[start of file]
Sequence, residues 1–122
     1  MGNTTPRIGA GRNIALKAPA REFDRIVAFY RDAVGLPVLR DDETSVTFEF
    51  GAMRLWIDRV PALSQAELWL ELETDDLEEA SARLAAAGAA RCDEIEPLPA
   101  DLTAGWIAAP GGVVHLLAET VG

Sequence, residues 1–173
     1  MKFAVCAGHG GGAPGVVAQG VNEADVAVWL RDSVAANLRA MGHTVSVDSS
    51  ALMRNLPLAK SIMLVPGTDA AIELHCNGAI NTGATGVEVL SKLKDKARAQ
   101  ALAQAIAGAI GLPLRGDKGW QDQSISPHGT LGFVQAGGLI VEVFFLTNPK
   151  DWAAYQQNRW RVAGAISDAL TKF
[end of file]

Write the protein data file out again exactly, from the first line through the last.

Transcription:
Sequence, residues 1–122
     1  MGNTTPRIGA GRNIALKAPA REFDRIVAFY RDAVGLPVLR DDETSVTFEF
    51  GAMRLWIDRV PALSQAELWL ELETDDLEEA SARLAAAGAA RCDEIEPLPA
   101  DLTAGWIAAP GGVVHLLAET VG

Sequence, residues 1–173
     1  MKFAVCAGHG GGAPGVVAQG VNEADVAVWL RDSVAANLRA MGHTVSVDSS
    51  ALMRNLPLAK SIMLVPGTDA AIELHCNGAI NTGATGVEVL SKLKDKARAQ
   101  ALAQAIAGAI GLPLRGDKGW QDQSISPHGT LGFVQAGGLI VEVFFLTNPK
   151  DWAAYQQNRW RVAGAISDAL TKF